Thursday, December 13, 2012
Wednesday, December 12, 2012
Sunday, November 4, 2012
Thursday, November 1, 2012
Wednesday, October 31, 2012
Tuesday, October 30, 2012
Monday, October 29, 2012
Monday, September 17, 2012
#2a. 091712. winndeburlo.
Space implies time, implies situation, embodiment, predicates a subject as a verb does in a sentence. Photography is often thought to dissociate space and time, to capture a duration, to sever it from continuity (q.v. Barthes, 4). However, on the other end of the double articulation, our presumptions about the absolute reality of photographs (simulations) is the reification of simulation as reality. This is to say that photographs, media, films, &c. either radically artificialize reality (perhaps by viral transmission?), or, more appealingly, expose reality as already modal, simulated, artificial, and involute. Thomas Demand lives in these recursive spaces, instigating feedback loops that result, not in the viewer’s absorption into the hyperreality of his simulations, but rather unearthing the delirium of cognition and making us all astronauts.
As David Antin has suggested, conceptual artwork is not art by virtue of creating representational images, and continuing a historical discourse, but rather by raising “the question about what sort of space a work of art could possibly occupy” (Antin, 177).
Similarly, cognitive science has trended away from representational models, which generally conceptualize visual experience as the storing and networking of images, symbols, etc., within the brain. Though Representationalism may still be the dominant school, most of it’s theoretical and empirical underpinning is being contested by the growing field of Embodied Cognition, which contends that cognition “is deeply dependent upon features of the physical body of an agent, that is, when aspects of the agent's body beyond the brain play a significant causal or physically constitutive role in cognitive processing” (Wilson & Foglia, 1).
Perhaps this doesn’t sound immediately transgressive, but if we consider how we normally conceptualize the experience of looking at, say, a photograph, we can see a radical shift. Normally, we think of images as amodal: a contained, idealized “Real,” “This,” or otherwise total correspondence between signified and signifier (Barthes, 4–5)––in other words, a perfect representation. In contrast, the conclusions of embodied cognition habitually dissolve such strong correspondence. Consider the following propositions that Wilson and Foglia claim are implications of embodiment in the realm of “visual consciousness:”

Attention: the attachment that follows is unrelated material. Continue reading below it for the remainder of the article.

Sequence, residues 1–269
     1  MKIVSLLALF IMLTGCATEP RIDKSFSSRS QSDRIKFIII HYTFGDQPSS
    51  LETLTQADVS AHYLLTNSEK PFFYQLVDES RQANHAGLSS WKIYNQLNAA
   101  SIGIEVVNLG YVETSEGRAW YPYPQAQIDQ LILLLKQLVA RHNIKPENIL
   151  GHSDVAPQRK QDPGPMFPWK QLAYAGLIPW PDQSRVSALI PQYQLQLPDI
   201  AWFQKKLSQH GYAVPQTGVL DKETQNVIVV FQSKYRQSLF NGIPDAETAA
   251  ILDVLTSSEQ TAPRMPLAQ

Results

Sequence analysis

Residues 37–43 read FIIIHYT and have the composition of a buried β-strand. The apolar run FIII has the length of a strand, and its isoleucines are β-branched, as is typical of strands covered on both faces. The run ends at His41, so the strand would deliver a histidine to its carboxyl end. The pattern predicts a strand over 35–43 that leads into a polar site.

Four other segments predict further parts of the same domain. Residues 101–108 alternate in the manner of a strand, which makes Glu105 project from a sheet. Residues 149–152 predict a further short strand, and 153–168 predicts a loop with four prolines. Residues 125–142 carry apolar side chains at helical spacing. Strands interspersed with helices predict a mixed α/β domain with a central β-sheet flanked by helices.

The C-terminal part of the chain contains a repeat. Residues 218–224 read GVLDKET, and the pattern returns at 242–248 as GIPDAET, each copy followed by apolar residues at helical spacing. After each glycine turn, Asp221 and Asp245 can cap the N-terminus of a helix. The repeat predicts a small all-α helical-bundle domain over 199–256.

Vision is not a mere brain process devoted to constructing mental models, but rather a skill of the whole situated, embodied agent, one whose movements are crucial to visual agency (cf. Gibson 1979)
Visual processing should be recognized as a temporally extended activity, where such activity is guided in part by the agent itself. (Wilson & Foglia, 22)
Sunday, September 16, 2012
First paragraph : Guy Bourdin
Throughout history the meaning of photography has greatly changed; from barely being considered an art form, with some people arguing the simplicity of it compared to painting, to now being one of the most popular mediums. Contemporary photography is said to of began around the 1950’s and is a more daring type of photography because; it has brighter colors, plays with story lines, is more planned and challenges typical stereotypes of photography being only in the moment. One of the most influential contemporary photographers during the 1960s-1980s was Guy Bourdin. He was not one who portrayed his work in galleries but actually preferred the pages of magazines and advertisements. Bourdin is a French photographer who is most known for his work shot for Vogue, Chanel and Charles Jourdan shoes. Guy Bourdin photographs are a combination of commercial and fine art which play with the ideas of fashion, sex and death. Guy was one of the first artist to push the limits set on fashion photography. Along with revolutionizing fashion photography Bourdin created narratives and story lines within the images to sell the product. Guy Bourdin pushed the limits so far on photography, by including sex and death, that there was a lot of controversy surrounding his work and his personal life. Bourdin is known of had a difficult childhood because his mother ran out on him when he was very young. His life did not become any easier later on either when his wife and girlfriend are rumored to of suffered mysterious deaths. With so much tragedy occurring in his life it is understandable to see how one may interpret his work to be relevant to his life. Guy Bourdin is one of the leading creators of contemporary photography because of his use of colors and story lines to create beautiful pieces, but I believe that his usage of death and sex motifs are a reflection of his life, and the way he perceives women.